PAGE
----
Why climates change

What's the weather like today? It's a question we often ask, because the weather can vary so much—and because the nature of the weather is so fundamental to our lives. But despite the variability in the weather, we assume a constancy in the climate. Weather is not the same as climate. Climate is the long-term average of weather in a particular place—taking into account all the small fluctuations and the seasonal changes. See Weather and climate—what's the difference?.

Because climate is only meaningful over a long timeframe and across all the seasons, changes to it are much harder to detect. This is clear if we pick one particular day of the year at random—for example, Christmas Day, and examine the weather on that day over 20 years. Obviously there will be considerable variation between the years. We cannot predict the weather on that day a year ahead, because the factors determining daily weather change rapidly. But we can appreciate what it means to talk about the climate on that day. In Australia we know that it will be summer then, and therefore the weather will operate within certain 'boundaries' expected for summer. A mid-winter's day brings different expectations. The same holds true in monsoonal tropical areas with wet and dry seasons.

Climate change means that the boundaries in the weather that we expect in a particular location and season are changing. But such changes are slow and subtle, and because climate can only be measured over decades it is often not possible to give an instant answer to the question of whether and when a climate has changed. It is rather like asking for the precise moment when day becomes night as the sun sets.

There are many reasons why climate can change, and this section deals with the main ones. Most of the reasons are natural, and we know that in the long geological past the earth's climate has altered many times. Causes range from subtle shifts in the earth's orbit and the angle of its axis of rotation, to changes in the output of heat from the sun. Regional climate can also change slowly for quite natural reasons, such as alterations to ocean currents or the incredibly slow drift of continents. More rapid, temporary climate change can be caused by strong volcanic eruptions leaving fine dust high in the atmosphere that weakens the sunlight for months at a time.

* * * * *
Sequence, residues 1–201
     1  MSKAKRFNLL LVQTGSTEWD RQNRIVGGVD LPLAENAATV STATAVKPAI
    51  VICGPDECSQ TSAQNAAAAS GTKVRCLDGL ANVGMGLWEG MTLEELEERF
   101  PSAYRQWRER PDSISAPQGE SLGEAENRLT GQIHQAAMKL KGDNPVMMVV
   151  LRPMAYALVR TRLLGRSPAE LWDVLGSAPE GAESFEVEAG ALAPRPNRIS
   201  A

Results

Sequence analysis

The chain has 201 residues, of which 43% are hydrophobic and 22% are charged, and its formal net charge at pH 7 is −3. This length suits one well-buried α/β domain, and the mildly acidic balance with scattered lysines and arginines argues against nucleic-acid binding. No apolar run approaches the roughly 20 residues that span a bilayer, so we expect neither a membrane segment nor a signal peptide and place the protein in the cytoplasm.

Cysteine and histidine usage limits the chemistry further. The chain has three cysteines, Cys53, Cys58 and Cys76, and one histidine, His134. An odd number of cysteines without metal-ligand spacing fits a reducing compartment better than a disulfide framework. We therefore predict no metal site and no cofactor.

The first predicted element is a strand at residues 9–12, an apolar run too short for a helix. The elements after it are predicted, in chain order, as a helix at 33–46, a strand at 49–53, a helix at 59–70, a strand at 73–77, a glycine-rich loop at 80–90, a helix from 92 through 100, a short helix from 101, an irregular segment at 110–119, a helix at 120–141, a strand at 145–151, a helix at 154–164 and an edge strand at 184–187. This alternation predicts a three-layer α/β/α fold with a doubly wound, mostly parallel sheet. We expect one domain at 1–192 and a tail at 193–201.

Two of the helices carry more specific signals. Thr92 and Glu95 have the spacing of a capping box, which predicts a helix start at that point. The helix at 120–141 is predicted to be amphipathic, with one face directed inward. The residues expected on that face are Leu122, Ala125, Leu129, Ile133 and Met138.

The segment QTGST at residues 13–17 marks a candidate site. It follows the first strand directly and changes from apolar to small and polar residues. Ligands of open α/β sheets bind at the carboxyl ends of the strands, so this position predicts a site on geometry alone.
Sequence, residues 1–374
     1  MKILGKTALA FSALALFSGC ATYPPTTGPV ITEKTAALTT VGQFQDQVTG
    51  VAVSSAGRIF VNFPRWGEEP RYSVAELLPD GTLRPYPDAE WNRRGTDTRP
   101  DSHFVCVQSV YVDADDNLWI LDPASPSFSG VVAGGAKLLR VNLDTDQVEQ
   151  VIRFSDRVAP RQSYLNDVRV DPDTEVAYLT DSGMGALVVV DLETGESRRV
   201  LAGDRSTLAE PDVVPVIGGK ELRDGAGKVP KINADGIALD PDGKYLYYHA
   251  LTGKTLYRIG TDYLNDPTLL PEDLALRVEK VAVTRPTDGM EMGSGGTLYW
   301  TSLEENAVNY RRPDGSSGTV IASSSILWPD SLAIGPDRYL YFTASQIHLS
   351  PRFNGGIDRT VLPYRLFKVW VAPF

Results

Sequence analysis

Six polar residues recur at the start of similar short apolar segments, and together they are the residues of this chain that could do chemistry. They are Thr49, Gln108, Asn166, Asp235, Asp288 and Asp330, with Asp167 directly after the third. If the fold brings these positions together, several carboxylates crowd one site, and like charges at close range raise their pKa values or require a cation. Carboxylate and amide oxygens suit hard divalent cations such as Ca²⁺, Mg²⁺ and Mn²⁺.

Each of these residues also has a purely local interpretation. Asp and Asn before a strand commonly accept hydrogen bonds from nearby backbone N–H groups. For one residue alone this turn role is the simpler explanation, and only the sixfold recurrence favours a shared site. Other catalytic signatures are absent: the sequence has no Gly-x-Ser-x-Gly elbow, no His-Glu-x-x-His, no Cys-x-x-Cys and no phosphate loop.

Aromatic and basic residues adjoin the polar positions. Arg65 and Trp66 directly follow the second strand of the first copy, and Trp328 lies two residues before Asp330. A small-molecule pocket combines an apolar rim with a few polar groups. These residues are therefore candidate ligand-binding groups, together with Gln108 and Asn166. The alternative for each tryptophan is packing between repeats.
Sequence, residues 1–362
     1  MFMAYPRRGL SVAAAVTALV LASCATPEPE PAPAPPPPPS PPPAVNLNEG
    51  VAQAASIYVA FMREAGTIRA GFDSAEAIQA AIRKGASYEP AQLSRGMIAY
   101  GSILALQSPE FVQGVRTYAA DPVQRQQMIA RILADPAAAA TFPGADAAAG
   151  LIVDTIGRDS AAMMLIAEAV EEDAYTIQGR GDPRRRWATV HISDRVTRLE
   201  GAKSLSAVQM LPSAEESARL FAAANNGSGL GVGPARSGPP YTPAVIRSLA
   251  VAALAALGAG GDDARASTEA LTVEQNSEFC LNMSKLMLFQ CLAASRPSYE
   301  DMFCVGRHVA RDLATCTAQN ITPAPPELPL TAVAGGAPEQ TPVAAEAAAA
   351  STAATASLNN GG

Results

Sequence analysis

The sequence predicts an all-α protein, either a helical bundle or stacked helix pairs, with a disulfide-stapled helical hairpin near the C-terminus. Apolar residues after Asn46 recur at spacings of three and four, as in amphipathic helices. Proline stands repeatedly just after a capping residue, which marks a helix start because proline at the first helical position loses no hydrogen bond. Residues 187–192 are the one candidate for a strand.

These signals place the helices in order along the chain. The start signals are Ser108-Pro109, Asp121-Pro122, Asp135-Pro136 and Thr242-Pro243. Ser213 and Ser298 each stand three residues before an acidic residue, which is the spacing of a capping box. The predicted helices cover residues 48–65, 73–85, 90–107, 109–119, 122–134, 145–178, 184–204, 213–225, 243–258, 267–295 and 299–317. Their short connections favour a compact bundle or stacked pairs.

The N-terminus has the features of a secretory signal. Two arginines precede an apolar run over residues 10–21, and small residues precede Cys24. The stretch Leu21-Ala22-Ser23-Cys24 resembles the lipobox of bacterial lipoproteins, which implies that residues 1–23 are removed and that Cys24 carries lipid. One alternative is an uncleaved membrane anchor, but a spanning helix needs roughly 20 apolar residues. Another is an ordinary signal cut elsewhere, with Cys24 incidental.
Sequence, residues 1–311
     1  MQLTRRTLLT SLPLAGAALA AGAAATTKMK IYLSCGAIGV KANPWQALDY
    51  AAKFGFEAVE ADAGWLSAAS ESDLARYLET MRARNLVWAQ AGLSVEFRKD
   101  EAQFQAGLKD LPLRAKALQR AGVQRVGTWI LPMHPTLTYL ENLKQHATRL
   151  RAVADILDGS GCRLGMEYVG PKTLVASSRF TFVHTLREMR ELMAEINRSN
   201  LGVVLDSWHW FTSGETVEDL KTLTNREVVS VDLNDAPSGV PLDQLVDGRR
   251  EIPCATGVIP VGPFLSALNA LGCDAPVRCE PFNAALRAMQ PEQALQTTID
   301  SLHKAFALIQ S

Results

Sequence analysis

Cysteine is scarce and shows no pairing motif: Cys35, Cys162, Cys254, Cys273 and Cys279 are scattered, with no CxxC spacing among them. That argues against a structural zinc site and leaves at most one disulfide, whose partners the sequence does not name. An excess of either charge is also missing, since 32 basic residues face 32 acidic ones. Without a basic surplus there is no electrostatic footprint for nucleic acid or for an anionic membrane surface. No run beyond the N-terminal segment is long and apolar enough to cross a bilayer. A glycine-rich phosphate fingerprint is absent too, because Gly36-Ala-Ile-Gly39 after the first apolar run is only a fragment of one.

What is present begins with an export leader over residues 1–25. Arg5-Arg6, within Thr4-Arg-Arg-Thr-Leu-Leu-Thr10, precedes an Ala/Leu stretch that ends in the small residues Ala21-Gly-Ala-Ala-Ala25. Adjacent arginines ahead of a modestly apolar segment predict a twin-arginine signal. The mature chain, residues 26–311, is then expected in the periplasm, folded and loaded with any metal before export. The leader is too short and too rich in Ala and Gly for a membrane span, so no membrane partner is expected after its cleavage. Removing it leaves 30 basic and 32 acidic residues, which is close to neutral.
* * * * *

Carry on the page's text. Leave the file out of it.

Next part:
The most important determinant of any planet's temperature is its distance from the sun. This cannot be changed, other than by slow changing of an orbit over millennia or by catastrophic impact. The second most important factor is the composition and volume of the planet's atmosphere. Some gases act rather like a blanket, keeping heat from leaving the surface. Others are quite transparent to departing heat. We know from studying the atmospheres of Mars and Venus, and the respective conditions and temperatures there, how important atmospheric composition can be in affecting temperature.

Subtle alteration to the composition of our own atmosphere has recently occurred, and the main cause is the burning of carbon-containing fuels (coal, oil and methane gas). The carbon dioxide gas released by the combustion of these substances is a heat-trapping gas (known as a greenhouse gas). An increase in its concentration in our atmosphere will change conditions on the planet—in broad terms the earth will retain more heat. This is considered to be the main reason why climate is changing around the world.

15 November, 2010

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